Generally, rare U.S. coins are  more easily converted to spendable cash compared to other  investments such real estate, businesses, fine art, or other collectibles. Anyone who has tried to sell a home in the past few years knows about liquidity. But when it comes to rare coins, computerized trading networks allow many coins to be bought and sold instantly around the world, either with or without prior inspection.

Be aware, however, not all rare coins are equally liquid. The actual demand for a coin will affect its liquidity, so it pays to get some professional advice before making a purchase. Gold and silver coins encased in a holder and certified by a respected independent grading authority generally ranks among the most liquid … and the most valuable.

4. Rare coins offer something paper investments do not: PRIVACY

With all the turmoil in the world, the privacy of an investment seems more important than ever. Rare gold and silver coins are among the few remaining investments that you can legally accumulate and liquidate privately … for now.

5. Potential protection from confiscation

Historically, gold bullion and bullion coins have been confiscated by the government in times of national emergency. But when the U.S. government last confiscated gold from its citizens via Presidential decree in 1933, rare gold coins were exempt. Owners of rare coins were able to hold onto their assets throughout the entire 20th Century, even during the several decades where gold ownership by Americans was outlawed.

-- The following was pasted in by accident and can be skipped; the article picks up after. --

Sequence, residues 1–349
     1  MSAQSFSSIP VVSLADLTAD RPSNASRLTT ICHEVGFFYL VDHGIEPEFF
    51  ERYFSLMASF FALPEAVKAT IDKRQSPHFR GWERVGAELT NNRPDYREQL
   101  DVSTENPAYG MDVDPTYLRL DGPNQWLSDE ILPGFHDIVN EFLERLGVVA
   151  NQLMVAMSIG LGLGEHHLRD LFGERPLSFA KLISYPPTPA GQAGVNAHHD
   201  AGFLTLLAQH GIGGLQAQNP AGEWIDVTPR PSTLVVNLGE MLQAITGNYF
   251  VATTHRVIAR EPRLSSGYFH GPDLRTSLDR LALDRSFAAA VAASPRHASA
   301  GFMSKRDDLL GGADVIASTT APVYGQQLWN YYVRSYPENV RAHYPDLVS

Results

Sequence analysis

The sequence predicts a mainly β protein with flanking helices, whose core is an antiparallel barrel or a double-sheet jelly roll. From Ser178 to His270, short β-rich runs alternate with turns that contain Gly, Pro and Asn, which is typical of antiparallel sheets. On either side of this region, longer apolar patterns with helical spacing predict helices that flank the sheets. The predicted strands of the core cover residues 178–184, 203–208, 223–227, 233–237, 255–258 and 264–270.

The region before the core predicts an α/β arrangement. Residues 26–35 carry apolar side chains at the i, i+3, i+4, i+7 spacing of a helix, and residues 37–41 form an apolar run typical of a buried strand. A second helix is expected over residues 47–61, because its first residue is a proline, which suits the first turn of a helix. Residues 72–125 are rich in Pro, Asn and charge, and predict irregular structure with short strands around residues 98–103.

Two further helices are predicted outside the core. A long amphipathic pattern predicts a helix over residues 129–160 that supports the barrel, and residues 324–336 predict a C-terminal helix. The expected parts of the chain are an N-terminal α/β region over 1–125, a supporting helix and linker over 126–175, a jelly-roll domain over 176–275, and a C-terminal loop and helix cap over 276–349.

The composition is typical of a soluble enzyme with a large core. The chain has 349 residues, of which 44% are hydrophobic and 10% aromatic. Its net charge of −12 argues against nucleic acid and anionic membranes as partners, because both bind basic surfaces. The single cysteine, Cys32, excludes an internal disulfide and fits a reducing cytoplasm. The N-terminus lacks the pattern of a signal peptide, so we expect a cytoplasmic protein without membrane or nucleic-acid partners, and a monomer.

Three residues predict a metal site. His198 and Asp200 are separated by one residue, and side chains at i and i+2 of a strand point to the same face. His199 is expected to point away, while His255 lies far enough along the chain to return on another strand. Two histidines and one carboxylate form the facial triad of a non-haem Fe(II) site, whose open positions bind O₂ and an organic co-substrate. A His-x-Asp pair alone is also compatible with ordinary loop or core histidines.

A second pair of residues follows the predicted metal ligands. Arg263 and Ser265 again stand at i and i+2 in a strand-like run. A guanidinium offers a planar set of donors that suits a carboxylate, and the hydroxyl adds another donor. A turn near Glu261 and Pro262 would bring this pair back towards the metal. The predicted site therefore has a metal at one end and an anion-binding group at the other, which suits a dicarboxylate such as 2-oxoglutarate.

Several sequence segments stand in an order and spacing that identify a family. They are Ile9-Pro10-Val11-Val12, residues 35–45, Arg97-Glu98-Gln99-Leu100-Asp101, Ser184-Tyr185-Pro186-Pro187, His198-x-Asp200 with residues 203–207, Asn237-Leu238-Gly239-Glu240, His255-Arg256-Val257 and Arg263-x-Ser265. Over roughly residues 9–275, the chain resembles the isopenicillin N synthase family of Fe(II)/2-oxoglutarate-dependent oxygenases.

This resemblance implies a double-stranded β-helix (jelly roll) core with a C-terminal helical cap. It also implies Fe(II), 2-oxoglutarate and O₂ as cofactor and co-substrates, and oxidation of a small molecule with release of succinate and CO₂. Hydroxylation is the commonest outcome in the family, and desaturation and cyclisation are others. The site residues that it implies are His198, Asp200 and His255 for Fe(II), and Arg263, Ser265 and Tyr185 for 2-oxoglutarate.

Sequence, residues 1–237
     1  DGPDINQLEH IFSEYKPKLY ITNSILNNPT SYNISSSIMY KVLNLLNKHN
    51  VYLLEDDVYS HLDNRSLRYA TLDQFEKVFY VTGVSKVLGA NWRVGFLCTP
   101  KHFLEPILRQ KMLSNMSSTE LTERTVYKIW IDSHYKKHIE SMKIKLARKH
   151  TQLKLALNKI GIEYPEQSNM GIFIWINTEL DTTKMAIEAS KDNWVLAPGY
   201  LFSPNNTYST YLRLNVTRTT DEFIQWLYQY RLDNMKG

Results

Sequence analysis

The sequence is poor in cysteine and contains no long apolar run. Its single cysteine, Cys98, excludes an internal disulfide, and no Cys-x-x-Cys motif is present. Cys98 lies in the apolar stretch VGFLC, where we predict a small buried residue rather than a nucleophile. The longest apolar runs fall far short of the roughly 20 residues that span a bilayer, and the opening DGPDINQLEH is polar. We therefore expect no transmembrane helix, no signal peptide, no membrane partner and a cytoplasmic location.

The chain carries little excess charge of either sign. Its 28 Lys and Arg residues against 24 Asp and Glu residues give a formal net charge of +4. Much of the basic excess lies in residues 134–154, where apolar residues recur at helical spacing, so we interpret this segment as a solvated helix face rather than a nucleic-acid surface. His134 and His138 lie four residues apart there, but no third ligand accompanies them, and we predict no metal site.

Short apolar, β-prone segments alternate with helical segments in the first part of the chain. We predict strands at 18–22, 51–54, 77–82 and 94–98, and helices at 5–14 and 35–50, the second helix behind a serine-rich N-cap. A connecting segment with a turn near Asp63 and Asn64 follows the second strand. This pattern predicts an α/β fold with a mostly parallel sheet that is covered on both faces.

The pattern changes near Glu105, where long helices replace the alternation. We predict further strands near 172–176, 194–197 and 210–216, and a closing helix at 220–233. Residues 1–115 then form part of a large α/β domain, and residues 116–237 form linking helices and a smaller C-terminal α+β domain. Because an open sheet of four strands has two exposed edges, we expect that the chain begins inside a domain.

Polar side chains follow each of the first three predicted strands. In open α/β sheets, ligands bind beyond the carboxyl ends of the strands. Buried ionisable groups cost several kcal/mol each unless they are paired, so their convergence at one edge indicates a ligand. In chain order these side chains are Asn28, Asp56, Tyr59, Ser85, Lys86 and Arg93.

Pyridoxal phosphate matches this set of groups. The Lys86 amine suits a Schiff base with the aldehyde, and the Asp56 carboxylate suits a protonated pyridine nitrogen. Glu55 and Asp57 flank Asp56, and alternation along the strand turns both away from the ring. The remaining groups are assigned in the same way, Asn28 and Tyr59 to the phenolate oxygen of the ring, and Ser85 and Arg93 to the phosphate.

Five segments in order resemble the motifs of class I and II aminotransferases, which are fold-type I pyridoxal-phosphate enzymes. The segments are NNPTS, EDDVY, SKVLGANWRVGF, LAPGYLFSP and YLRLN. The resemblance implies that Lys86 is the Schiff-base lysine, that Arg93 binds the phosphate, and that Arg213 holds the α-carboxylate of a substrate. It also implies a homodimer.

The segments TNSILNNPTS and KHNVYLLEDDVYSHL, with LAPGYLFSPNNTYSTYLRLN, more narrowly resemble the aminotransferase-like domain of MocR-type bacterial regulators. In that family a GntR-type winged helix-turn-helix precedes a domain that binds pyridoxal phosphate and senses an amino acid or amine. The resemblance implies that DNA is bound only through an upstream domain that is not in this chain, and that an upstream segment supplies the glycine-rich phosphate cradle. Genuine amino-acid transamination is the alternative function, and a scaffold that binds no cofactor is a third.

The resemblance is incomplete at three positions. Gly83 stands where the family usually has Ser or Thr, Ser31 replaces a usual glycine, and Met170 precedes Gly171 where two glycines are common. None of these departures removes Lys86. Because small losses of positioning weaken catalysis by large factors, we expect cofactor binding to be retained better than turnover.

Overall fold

6. What’s its metal worth?

The most popular coins all have intrinsic value from their precious metal content alone. Consider the $20 Liberty gold coin: each contains nearly a full ounce of gold (0.9675 oz.). Its value is at least consistent with the value of that amount of gold. Further, these coins typically appreciate in value when precious metals markets surge and because of their historic value and significance, when those same markets retreat, these coins typically do not decline in value at the same rate.

Ready to start investing in rare coins? First get your free report from Goldline.

All investing involves some sort of risk so be sure you read and understand everything associated with purchasing rare coins. Your best bet is to stick with a recognized name such as Goldline or use a trusted and respected rare coin dealer in your city.

And never put all your capital into any single investment.

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About the author

Ron Haynes has written 987 articles on The Wisdom Journal.

The founder and editor of The Wisdom Journal in 2007, Ron has worked in banking, distribution, retail, and upper management for companies ranging in size from small startups to multi-billion dollar corporations. He graduated Suma Cum Laude from a top MBA program and currently is a Human Resources and Management consultant, helping companies know how employees will behave in varying situations and what motivates them to action, assisting firms in identifying top talent, and coaching managers and employees on how to better communicate and make the workplace MUCH more enjoyable. If you'd like help in these areas, contact Ron using the contact form at the top of this page or at 870-761-7881.